Fertile Ground

Planned Parenthood seeks to require Missouri's health-insurance industry to get consistent and provide coverage for birth control

Because most health-insurance companies in Missouri offer coverage for abortions and sterilizations before contraception, Planned Parenthood hopes to require the industry to walk arm-and-arm with reason by mandating coverage for birth control.

The proposal will appear before the state Legislature sometime next year, but as Leah Edelman, director of legislative and public affairs for Planned Parenthood of Greater St. Louis, points out, throwing the insurance industry, the Legislature and common sense into the same mix will likely prove volatile.

"It's actually cost-effective for insurance companies to cover contraceptives because it's less expensive to provide 12 months of pills vs. a pregnancy or abortion," she says, adding that the coverage would include all types of birth control, including pills, diaphragms and injectables.

But the Legislature's anti-abortion majority -- increased by several seats in the November election -- will probably balk at the idea. Paula Gianino, president and CEO of St. Louis' Planned Parenthood, says that the anti-abortion actions of lawmakers in the past several years only serve as a gruesome reminder. Still in the courts, for example, is a law passed last year forbidding the Missouri Department of Health to spend any money for Planned Parenthood services. Approved by the Legislature because Planned Parenthood provides abortions as well as family planning, the bill -- passed into law three years in a row but thrown out by the courts -- has cost Missouri taxpayers well over $1 million in legal fees alone.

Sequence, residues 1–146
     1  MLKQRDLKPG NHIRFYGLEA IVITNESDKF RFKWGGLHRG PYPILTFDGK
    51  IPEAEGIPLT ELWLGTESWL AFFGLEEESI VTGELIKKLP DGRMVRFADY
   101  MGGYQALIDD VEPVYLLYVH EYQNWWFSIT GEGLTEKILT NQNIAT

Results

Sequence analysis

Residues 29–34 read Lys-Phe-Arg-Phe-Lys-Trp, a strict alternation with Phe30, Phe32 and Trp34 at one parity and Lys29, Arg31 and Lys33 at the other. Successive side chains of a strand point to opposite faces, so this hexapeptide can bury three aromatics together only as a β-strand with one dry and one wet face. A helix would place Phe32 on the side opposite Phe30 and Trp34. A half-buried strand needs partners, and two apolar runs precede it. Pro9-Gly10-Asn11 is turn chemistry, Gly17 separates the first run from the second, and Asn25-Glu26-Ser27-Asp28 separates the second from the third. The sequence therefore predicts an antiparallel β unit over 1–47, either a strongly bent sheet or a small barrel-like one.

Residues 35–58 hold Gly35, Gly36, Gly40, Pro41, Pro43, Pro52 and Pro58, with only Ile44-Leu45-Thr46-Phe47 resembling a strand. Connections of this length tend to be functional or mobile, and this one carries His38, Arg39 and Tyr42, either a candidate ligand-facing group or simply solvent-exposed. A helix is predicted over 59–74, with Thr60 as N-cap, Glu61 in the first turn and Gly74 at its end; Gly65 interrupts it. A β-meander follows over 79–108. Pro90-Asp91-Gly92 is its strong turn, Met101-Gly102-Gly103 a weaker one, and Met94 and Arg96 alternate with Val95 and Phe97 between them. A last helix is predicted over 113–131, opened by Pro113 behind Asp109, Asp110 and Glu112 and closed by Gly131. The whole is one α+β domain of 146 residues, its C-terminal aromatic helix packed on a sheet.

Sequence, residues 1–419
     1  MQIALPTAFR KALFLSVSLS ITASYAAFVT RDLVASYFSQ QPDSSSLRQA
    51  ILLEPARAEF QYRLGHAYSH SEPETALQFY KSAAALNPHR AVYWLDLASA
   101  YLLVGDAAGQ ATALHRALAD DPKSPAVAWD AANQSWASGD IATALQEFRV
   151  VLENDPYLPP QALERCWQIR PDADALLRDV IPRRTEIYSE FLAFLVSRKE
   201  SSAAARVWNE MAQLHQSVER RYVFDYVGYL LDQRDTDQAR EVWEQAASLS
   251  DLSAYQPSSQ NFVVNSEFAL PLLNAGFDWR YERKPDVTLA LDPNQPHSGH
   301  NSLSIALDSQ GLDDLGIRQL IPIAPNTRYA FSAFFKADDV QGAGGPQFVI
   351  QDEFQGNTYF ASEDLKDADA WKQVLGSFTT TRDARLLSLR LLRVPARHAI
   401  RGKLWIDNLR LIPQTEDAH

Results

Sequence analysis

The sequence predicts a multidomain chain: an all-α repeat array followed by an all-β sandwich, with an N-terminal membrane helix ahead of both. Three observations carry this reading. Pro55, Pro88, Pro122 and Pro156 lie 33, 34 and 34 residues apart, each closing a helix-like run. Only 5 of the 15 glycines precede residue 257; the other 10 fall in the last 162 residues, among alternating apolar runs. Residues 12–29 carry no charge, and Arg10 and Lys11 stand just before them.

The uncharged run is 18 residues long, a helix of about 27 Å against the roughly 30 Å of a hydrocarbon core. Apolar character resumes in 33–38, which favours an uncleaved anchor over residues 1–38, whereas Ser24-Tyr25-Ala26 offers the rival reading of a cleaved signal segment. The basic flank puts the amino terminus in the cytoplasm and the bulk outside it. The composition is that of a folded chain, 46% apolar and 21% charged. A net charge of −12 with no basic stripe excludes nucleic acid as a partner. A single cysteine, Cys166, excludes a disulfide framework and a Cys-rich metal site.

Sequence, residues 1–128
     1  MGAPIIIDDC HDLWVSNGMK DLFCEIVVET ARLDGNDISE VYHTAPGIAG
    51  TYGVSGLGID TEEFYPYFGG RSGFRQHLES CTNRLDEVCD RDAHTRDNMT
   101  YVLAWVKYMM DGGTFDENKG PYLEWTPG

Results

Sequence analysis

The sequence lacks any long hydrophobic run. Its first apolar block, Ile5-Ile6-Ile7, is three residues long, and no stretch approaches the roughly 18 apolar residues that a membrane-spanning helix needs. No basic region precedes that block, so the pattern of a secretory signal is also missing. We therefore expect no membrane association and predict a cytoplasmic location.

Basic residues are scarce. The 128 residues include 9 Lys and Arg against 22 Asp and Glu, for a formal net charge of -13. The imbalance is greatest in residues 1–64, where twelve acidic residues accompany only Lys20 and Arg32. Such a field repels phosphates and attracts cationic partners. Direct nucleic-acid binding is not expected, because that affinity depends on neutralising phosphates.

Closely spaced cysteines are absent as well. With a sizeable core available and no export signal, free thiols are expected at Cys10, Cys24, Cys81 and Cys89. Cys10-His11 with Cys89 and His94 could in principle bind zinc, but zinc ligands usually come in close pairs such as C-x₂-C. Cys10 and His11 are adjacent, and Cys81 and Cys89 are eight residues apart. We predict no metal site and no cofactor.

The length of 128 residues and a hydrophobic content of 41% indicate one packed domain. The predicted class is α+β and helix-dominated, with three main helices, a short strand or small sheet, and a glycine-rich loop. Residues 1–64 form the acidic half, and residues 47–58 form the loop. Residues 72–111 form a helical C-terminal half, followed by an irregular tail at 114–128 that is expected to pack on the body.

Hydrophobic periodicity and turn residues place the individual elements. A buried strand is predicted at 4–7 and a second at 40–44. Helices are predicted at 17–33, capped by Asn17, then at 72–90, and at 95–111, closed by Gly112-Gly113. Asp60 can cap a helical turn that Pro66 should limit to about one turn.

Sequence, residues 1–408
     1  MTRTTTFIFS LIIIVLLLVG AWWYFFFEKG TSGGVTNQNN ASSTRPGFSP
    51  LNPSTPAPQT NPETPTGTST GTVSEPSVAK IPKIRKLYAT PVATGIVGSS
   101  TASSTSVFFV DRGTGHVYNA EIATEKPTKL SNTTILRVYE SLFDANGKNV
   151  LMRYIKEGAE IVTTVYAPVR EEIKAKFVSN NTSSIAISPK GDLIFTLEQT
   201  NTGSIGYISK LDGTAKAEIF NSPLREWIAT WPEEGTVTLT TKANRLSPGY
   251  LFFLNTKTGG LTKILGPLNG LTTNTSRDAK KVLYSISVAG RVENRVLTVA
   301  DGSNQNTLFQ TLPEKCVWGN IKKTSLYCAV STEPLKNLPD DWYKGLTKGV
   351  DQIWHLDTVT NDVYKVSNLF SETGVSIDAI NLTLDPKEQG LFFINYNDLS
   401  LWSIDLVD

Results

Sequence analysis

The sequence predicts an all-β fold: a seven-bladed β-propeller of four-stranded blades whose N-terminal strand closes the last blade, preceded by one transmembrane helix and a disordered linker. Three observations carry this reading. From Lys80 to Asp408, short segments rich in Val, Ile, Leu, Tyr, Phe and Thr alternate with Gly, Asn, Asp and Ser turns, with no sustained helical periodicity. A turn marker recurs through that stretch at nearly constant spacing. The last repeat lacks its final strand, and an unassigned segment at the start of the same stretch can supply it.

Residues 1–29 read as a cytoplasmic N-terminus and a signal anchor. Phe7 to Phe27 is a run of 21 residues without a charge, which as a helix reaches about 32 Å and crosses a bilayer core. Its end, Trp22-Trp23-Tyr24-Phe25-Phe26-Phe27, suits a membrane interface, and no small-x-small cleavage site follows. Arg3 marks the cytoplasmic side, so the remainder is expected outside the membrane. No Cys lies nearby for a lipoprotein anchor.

Gianino points to a survey conducted by her organization last year that shows that 61 percent of those polled approve of state funding for family-planning services. Seventy-two percent of Missourians, the survey found, think abortion is a choice to be made by the woman, not state lawmakers. And yet lawmakers come up with proposals seemingly incompatible with the statistics. Case in point: a bill proposed last year that would allow pharmacists to refuse filling any prescription by which they might be morally offended.

"When you're in the Capitol all the time, you start to think maybe Missouri is just like this," Gianino says of the Legislature's anti-abortion majority. "But this poll shows otherwise."

The organization's proposed bill concerning health-insurance coverage of contraception is part of Planned Parenthood's new initiative called "Responsible Choices." The plan of action is to make sure that the grassroots efforts of anti-abortion groups are at least matched by those of the pro-choice movement. Planned Parenthood, for example, wants lawmakers to understand that the organization seeks to prevent abortions by making sure birth control is accessible to every woman, regardless of income.

"Responsible Choices" also serves as the theme for Planned Parenthood's annual conference being held this year in St. Louis. Receiving an award will be the Rev. Howard Moody, founder of the Clergy Consultation Service on Abortion, which sponsored the country's first freestanding abortion clinic before the Roe vs. Wade ruling.

Speaking at the conference will be Emily Lyons, one of the seriously injured workers at the Birmingham, Ala., abortion clinic that was bombed in January. The four-day event begins Wednesday, Dec. 2, at the Adam's Mark Hotel downtown. For more information, call Planned Parenthood at 531-7526.

 
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